A study in Nature Materials describes the development of a self-healing polymer that uses a network of 3-dimensional channels, analogous to blood capilaries in the skin, to deliver "healing agents" to cracks in the surface.
This technology, to my mind, falls into the category of ideas that challenge the boundary between the definition of living and non-living:
A living organism is defined as something that metabolizes, reproduces, and responds.
The self-healing polymer doesn't metabolize or reproduce, but it definitely responds.
The way it works, apparently, is that when a crack occurs in the surface of the polymer, "healing agent" is delivered to the scene of the crack via a "three-dimensional microvascular network" inside the material. Exactly what mechanism causes the healing agent to respond to the presence of a rupture is unclear. What differentiates this from previous successes with self-healing materials is that the embedded network of vessels can deliver more of the healing material whenever necessary, making it possible for the same spot to be healed numerous times. In the study, the same spot was cracked and repaired seven times.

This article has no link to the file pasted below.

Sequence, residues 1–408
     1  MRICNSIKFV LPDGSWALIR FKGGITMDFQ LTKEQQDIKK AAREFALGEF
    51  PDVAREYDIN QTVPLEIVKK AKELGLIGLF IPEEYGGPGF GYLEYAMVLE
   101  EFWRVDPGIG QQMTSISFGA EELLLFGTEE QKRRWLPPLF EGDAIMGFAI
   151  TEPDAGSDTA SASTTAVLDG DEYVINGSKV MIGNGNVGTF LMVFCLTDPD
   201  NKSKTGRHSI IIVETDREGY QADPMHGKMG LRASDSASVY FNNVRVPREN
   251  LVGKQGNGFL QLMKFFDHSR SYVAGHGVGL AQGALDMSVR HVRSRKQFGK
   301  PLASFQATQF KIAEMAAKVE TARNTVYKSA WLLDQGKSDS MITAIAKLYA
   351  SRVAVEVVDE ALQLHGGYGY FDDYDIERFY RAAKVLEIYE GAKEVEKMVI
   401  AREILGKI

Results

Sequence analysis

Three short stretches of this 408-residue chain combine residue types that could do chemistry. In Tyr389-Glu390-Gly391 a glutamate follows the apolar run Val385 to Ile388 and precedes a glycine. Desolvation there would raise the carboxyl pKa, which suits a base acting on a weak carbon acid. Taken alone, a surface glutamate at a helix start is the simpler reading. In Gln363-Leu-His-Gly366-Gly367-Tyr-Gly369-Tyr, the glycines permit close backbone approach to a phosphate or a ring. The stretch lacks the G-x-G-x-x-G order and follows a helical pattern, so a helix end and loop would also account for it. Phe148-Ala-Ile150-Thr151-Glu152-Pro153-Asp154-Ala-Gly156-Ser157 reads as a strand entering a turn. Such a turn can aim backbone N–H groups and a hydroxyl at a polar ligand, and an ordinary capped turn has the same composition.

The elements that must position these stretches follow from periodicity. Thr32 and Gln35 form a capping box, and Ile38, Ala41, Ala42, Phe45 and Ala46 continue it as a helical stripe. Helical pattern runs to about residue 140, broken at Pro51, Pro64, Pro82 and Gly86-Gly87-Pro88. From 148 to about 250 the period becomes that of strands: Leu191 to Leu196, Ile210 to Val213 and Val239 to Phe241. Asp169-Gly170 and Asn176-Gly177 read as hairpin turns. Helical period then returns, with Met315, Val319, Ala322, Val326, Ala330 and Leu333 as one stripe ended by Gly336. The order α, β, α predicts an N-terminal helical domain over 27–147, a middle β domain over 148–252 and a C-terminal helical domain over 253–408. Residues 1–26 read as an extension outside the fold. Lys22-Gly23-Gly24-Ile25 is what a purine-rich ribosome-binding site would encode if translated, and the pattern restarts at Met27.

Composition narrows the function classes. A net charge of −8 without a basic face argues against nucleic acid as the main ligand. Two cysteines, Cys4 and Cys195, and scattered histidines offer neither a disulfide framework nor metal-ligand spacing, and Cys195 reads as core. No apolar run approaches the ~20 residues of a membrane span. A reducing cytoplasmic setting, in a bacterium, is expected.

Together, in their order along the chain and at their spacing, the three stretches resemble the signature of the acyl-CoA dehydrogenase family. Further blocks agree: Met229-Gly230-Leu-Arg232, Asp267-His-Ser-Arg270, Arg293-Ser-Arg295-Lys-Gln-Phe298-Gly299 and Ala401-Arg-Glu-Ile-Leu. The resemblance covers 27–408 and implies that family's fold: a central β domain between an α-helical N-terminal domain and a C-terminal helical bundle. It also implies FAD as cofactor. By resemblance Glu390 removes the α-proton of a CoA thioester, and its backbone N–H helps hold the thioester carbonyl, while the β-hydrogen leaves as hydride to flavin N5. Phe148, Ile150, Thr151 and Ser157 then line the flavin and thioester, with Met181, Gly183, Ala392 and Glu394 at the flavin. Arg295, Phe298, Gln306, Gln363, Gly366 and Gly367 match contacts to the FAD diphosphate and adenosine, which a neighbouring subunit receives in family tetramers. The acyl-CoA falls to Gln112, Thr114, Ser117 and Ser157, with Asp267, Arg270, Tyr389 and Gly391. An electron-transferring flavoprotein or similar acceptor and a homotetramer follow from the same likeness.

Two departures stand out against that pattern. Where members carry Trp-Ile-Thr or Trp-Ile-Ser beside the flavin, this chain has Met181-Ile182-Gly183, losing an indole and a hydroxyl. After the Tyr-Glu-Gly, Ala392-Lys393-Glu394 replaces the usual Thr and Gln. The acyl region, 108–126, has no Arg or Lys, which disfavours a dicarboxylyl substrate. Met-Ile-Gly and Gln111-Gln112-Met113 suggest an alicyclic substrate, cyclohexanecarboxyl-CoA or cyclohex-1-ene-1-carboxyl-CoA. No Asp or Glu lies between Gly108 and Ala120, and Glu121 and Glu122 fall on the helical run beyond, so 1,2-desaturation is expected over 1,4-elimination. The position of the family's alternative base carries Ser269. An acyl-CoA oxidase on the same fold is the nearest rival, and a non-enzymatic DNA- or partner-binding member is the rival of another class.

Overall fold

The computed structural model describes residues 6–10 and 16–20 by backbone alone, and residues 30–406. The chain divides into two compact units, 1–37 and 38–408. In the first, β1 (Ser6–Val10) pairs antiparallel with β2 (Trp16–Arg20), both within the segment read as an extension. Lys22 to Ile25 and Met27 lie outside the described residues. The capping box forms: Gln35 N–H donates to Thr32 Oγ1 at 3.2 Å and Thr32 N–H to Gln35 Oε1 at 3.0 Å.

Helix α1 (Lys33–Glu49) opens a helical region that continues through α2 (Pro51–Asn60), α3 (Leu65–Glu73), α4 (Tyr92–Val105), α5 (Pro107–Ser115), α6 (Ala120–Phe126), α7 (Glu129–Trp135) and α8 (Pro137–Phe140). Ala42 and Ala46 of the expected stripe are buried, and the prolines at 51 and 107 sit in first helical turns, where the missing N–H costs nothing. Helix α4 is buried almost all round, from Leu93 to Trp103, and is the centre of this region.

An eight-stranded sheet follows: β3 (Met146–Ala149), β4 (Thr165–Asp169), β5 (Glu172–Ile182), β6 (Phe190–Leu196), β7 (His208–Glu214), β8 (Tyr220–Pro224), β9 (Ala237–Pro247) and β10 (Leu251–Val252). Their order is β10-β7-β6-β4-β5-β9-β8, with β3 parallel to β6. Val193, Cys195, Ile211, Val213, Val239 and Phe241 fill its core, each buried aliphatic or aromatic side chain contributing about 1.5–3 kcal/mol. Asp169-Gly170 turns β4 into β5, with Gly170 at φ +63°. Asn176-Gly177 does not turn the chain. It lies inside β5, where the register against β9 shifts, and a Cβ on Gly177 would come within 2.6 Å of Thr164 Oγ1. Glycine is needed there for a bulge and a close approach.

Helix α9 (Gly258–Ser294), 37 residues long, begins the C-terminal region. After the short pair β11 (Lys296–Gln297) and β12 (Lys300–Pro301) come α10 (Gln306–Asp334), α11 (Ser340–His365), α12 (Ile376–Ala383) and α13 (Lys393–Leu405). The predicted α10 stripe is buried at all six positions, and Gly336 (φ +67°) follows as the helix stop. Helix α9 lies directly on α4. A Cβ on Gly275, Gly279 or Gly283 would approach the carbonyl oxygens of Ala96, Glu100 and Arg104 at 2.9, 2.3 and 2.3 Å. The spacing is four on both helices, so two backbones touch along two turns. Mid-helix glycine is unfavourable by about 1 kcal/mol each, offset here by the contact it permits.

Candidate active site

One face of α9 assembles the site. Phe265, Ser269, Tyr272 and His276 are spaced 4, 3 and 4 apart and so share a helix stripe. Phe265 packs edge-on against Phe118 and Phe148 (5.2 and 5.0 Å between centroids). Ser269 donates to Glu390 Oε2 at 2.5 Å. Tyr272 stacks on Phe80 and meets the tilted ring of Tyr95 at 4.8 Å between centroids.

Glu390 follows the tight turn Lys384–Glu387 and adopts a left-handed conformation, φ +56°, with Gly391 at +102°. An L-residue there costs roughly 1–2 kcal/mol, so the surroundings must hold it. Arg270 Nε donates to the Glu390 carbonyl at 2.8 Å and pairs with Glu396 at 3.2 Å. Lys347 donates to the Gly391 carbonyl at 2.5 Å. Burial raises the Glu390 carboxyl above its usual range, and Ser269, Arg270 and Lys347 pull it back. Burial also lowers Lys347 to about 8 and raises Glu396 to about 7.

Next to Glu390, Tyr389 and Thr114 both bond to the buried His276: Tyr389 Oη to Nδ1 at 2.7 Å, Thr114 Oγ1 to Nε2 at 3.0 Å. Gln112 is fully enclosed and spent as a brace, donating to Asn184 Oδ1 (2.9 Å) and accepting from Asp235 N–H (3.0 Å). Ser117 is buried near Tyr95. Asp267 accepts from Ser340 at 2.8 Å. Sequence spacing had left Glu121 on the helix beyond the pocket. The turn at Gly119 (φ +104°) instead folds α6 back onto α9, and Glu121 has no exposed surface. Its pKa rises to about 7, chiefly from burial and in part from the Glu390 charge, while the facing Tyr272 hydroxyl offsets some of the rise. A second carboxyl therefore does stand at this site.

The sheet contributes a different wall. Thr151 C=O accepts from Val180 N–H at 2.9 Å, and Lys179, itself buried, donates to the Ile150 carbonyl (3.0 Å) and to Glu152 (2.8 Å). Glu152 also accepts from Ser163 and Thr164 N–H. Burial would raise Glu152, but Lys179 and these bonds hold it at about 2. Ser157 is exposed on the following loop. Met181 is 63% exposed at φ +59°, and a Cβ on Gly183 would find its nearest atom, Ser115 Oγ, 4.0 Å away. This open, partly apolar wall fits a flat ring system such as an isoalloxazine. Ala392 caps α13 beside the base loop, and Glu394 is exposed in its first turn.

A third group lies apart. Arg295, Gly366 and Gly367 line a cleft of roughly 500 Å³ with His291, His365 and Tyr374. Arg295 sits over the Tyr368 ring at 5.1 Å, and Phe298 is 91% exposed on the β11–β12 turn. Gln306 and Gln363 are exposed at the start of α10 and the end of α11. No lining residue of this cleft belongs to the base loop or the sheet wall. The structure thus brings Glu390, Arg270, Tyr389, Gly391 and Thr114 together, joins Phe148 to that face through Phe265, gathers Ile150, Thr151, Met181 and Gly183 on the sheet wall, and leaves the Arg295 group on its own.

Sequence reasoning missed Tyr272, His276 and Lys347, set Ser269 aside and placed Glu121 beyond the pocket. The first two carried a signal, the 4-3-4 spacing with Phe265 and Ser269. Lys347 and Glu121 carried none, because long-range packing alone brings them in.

The authors of the study write: "This approach opens new avenues for continuous delivery of healing agents for self-repair as well as other active species for additional functionality."
What sort of "additional functionality" do they have in mind? It doesn't seem a far stretch that, with the implementation of microvascular networks like the one described, a variety of other applications could blossom, beyond merely self-healing materials. Similar ideas for internal, self-regulated delivery of medicine without IVs, for example, are already under development, using nanotechnology.
Interestingly, the use of the word "species" suggests a self-conscious recognition of the proximity of the technology to artificial intelligence. If the networks could be engineered to rebuild and extend themselves, either in response to external stimuli or to an internal "clock," they would move a step closer to fulfilling the criteria for being "alive." Viruses avoid being categorized as organisms by using the machinery of the cells they invade to reproduce, instead of their own. Microvascular networks such as these would similarly be reliant on the host organism - for example, on the surrounding tissue to provide physical support.
But, like viruses, they might carry out the majority of lifelike functions independently - moving a step closer to the creation of a synthetic organism.